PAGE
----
Lead Sales and Marketing A potential customer, as yet “unqualified.”  The qualification process converts the lead to an Account, Contact and an Opportunity
Opportunity Sales The date-based (when?), revenue-based (how much?) representation of potential business from a Customer. This entity is often re-named and repurposed based on the requirements of a given organization.
Competitor Sales In this entity, you can identify organizations that compete for business with your organization, as well as specific Opportunities that you are competing with them for. A basic SWOT analysis is also available.
Quote Sales The quote entity provides tracking for specific quotes containing products or services, with pricing for specific customers, and, optionally, related to a specific Opportunity.
Order` Sales The order entity is designed to track orders, and can quickly be created through the Quote entity, by clicking “Create Order” from the quote itself.  Orders can also be created in a standalone fashion, without using a quote.
Invoice Sales The invoice entity allows the user to create, track and distribute (through export to PDF or print) an invoice that is based on an order by clicking “Create Invoice” from an order. Invoices can also be created in a standalone fashion, without using an order.
Product Sales and Marketing The product entity is part of the “Product Catalog” feature in the system.  Products store information about the product itself, but prices are stored in a separate entity.
Price List Sales Price lists allow the organization to maintain multiple price lists, which may or may not have different prices for the same products in the catalog.
Price List Item Sales The price list item is the junction between a product and a price list – and the price itself is stored on the price list item, as well as any discounts that may apply.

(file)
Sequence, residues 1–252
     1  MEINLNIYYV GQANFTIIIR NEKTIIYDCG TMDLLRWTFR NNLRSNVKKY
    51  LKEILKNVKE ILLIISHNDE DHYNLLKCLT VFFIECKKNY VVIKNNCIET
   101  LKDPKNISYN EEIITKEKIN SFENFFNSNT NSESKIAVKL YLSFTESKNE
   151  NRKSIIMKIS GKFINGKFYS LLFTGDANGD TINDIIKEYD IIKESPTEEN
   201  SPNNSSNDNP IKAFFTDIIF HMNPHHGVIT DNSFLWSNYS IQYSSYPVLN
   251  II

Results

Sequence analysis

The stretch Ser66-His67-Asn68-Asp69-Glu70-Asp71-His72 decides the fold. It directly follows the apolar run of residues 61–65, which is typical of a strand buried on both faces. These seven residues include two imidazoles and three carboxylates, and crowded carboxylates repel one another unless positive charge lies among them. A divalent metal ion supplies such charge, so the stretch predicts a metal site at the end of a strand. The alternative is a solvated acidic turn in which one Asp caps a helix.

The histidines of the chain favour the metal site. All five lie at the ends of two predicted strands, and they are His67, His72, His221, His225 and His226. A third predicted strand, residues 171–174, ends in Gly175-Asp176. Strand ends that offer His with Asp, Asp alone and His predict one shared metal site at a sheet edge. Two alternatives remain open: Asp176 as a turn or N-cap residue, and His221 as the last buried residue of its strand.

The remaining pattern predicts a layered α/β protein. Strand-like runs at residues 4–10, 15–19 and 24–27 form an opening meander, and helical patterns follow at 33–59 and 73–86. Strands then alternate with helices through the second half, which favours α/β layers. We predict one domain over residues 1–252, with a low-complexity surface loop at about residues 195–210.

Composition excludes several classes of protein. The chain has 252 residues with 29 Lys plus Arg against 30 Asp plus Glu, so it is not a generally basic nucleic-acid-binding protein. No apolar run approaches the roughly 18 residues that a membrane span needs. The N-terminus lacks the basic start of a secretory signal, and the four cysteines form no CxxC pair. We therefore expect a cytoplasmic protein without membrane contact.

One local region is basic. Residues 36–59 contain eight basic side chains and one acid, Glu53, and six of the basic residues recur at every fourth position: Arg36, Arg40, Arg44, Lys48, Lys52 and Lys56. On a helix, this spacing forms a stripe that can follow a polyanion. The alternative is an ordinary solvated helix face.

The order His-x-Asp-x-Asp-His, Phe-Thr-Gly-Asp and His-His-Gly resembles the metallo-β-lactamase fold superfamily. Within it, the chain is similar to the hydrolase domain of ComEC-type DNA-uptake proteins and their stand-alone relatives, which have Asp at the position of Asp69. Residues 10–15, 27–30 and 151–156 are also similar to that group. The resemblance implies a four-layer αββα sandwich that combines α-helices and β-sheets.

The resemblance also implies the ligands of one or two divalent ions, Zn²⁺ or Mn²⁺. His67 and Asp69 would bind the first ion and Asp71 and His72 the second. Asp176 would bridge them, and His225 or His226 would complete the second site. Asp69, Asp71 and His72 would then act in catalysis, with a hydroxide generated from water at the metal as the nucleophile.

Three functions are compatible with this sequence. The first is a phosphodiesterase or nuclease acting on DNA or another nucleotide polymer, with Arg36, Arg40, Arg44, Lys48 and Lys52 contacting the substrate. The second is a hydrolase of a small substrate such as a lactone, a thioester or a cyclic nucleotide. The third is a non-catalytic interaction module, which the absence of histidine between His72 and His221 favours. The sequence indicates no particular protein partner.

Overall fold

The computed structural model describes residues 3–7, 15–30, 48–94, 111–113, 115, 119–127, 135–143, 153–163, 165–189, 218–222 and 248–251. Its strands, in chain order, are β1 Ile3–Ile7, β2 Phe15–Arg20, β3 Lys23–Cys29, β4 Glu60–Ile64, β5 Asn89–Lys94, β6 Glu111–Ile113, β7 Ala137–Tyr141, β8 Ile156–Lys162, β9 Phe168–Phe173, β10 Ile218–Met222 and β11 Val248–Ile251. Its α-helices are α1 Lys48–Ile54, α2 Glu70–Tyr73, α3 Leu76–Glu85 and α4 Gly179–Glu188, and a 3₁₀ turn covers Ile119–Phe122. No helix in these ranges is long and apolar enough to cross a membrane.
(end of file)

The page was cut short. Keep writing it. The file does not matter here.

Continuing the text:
Sales Literature Sales and Marketing This entity allows for the management of sales literature assets, such as product sheets, marketing collateral, manuals, and other documentation that could be useful for sales. It’s possible to store various version of sales literature documents and associate them with both products and competitors.
Goal Sales The goal entity and feature support the ability to track precisely sales goals and present that information in a visual way to the user and management base. Using related entities and features such as Goal Metrics and Rollup Queries, it’s possible to maintain sales goals across a wide range of staff, including individual salespeople, teams, and management. If they are set up correctly, goals update automatically when Opportunities are won and lost.
Marketing List Marketing and Sales Marketing lists work with campaigns to track a list of Leads, Accounts or Contacts that are bundled together through various criteria and then marketed to using marketing campaigns. Marketing lists can be static, which means the membership is managed manually, or dynamic, which means the membership is managed through a query against the database.
Campaigns Marketing Campaigns allow the tracking of meta-data, such as expenses, budget, start and end dates, around a sales (or any type of) activity campaign against customers or potential customers. The campaign entity allows different channels that can contain different campaign activities. It also allows the ability to track one campaign against several different types of marketing list data – such as Leads, Contacts and Accounts.  It also allows you to track campaign activities of different types and channels.
Quick Campaign Marketing The quick campaign is a wizard-based campaign tracking feature that allows the generation and distribution of one channel of campaign activity, such as phone call or email activity. With a quick campaign, you can quickly collect customers or potential customers, and launch a quick campaign against that collection of data. The limits of the quick campaign are that it can only be used for one channel (one type of activity, such as phone call or email), and it can only be used for one type of marketing list, such as Leads, Accounts or Contacts.